Half a week later, on October 26th I finished "Grill-Boy", and had to force myself to take a two day break. My wall-paper was "Fortune Fishing", I was constantly thinking about "Fortune Fishing", and I studied slot machines during my break to make "Fortune Fishing" all it could be. And finally the time to start work had come.

I really like the idea of slot machines. The fact they're like machines which people develop relationships with. With little easter-eggs which frequent players know well. It reminded me of an ancient legend, of an Ar-cad. Ancient temples where people of old would put coins into large game-boys and play them. The only difference between the ancient temples and these modern slot machine houses is... The abuse of the consumer. Slot machines abuse the magical player/machine relationship and sometimes cause real world consequences to those who play them, so one of my early goals for '"Fortune Fishing" was to put the power back into the hands of the player.

Besides hopes and dreams, I had one other thing. A demo I had made during the development on "Grill-Boy" (I'll stop talking about it soon) It featured a 16bit sailing cat with a fully animated boat:

I was really happy this demo I'd made, and everyone else was too when I showed them gifs. BUT when I started planning for realsies, I realized that: If the player was 16pixels big. Then the player was only 1/8 the size of the screen. Which meant my idea of jumping fish wouldn't and couldn't pan out, so I came to terms with the fact that I had to scale down some.

It is to be noted that most slot machines wouldn't be fun if money and gambling were not involved. Slot machines sometimes have real world effects on players, a real life jumanji if you would. Thus is why my infatuation with slot machines ended at that key person/machine relationship.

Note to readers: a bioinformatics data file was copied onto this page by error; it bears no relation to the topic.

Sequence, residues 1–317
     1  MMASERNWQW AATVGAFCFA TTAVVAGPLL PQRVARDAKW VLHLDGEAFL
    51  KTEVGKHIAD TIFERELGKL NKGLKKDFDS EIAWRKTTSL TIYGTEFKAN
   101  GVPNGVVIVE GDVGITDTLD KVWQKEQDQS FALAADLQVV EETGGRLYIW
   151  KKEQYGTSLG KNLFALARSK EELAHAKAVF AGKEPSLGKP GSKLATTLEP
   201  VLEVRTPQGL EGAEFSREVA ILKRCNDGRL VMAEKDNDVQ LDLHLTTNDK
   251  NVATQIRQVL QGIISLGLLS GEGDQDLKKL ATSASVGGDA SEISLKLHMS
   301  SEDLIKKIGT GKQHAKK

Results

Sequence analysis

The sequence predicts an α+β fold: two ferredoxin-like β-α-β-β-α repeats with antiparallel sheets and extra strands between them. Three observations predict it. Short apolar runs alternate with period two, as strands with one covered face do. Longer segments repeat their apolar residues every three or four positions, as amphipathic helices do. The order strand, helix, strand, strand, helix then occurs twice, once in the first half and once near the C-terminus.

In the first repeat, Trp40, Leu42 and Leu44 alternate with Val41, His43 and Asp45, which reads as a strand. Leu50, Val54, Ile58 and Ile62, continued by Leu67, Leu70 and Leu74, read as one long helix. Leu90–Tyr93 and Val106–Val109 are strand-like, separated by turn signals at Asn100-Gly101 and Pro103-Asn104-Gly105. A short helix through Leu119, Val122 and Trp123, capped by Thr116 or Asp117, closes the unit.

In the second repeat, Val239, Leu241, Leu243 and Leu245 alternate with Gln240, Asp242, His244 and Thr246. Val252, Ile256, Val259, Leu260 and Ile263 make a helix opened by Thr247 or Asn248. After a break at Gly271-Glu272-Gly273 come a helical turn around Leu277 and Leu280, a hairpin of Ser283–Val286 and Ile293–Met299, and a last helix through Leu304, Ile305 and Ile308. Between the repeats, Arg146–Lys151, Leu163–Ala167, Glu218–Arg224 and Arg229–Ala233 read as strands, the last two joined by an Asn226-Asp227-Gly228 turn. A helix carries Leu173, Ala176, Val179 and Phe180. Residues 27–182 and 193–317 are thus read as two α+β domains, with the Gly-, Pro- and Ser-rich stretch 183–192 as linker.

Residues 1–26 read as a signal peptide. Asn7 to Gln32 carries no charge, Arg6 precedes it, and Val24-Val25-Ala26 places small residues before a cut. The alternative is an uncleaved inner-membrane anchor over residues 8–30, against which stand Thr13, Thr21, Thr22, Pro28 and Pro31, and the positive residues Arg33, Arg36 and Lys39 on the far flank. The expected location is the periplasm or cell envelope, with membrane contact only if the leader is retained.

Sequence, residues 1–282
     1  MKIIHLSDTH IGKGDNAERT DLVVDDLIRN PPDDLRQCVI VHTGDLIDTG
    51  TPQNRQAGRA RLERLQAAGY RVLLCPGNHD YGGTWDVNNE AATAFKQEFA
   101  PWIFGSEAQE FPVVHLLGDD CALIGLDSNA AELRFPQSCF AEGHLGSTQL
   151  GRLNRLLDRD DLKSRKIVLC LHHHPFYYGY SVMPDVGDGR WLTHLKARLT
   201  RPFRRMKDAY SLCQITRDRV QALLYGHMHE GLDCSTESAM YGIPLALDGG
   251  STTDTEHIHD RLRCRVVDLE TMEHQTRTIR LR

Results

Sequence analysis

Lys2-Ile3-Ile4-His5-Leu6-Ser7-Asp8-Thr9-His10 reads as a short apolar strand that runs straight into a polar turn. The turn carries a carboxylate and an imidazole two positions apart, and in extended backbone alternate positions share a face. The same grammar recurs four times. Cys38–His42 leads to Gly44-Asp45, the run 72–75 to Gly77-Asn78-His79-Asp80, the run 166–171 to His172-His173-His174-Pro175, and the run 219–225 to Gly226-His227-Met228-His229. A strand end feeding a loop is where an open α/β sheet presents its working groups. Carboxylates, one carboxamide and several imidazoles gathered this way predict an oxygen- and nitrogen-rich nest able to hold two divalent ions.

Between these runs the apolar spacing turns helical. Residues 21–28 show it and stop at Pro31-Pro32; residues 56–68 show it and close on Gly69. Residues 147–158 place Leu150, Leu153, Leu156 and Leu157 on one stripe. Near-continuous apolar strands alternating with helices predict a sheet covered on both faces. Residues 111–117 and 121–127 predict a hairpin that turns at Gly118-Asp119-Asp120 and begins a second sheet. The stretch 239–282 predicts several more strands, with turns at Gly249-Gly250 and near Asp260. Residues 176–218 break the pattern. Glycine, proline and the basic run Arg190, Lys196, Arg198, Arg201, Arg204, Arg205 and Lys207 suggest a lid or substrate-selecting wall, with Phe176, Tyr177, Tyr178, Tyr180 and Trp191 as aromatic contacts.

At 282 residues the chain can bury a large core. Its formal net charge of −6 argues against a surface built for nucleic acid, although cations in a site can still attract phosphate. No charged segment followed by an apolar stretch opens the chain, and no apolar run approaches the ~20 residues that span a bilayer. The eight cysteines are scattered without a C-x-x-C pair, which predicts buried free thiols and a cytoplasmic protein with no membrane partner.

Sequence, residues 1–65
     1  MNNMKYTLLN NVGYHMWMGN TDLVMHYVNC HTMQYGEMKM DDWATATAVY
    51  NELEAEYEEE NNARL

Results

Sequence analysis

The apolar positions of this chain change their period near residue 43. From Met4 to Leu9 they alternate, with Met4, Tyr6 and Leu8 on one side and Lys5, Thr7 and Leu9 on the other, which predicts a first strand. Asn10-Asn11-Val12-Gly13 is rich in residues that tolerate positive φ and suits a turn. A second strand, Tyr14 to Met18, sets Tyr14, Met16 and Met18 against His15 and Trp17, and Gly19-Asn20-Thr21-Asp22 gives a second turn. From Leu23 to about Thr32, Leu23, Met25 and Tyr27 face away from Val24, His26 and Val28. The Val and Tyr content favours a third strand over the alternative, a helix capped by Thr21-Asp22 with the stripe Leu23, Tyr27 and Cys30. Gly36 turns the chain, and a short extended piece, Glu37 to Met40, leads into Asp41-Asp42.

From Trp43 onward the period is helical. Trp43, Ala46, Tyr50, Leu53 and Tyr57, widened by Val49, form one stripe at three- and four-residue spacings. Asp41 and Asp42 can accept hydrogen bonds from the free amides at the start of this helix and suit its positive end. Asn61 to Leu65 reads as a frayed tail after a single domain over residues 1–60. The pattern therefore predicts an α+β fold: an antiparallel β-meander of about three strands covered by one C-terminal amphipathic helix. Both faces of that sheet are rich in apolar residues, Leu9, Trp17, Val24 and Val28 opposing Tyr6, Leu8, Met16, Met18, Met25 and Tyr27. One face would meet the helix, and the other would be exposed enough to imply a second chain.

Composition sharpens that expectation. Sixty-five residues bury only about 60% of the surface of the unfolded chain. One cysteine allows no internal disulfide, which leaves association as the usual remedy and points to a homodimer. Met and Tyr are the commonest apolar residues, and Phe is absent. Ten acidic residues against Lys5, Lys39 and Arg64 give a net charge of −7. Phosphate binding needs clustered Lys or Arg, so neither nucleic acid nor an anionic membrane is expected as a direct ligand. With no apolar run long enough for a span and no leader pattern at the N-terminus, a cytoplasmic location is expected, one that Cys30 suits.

The Initial Rush

The start of every project is like a sprint of joy. You have all of these ideas, and are able to implement them easily. Work comes easy and fast. You want to talk about your project at any time you can. It feels like driving a race car, except you're driving a Koenigsegg Jesko Absolut (a speed car powered by a 1280 bhp (1600 bhp on E85), twin turbo charged V8 engine, featuring the world’s lightest V8 crankshaft that weighs just 12.5 kg) and everyone else is riding bikes.

During this time I was adding in enemies quickly, finding and solving code and design problems with extreme efficiency. On October 27th I wrote: "I felt a real shot of adrenaline when the Grouper was mixed in with the Karps. I know that it is fun to avoid fish." I was still coming up with unique ideas dynamically, like power ups and UI decisions.

After a few days of steady development I was ready to play-test. On the 29th I wrote, "After the playtest tonight I'd like to experiment with some ideas like rival moles, harpoons, or mole shops. Of course I mean after I finish fixing things from the knowledge I gain from the playtest. I've been thinking today, about how maybe this game should be shaped more like a rogue-like in progression. Where you have to be clever, on the go, as each wave is random. I really think the idea of rival moles could go somewhere, AND the original cart artist intended for the "moles" to be vampires who you'd have to compete against. I originally disposed of the idea bc it didn't seem to fit in with my vision, and I didn't like the idea of mystical creatures.
But maybe, I'll let the moles be vampires, I don't know."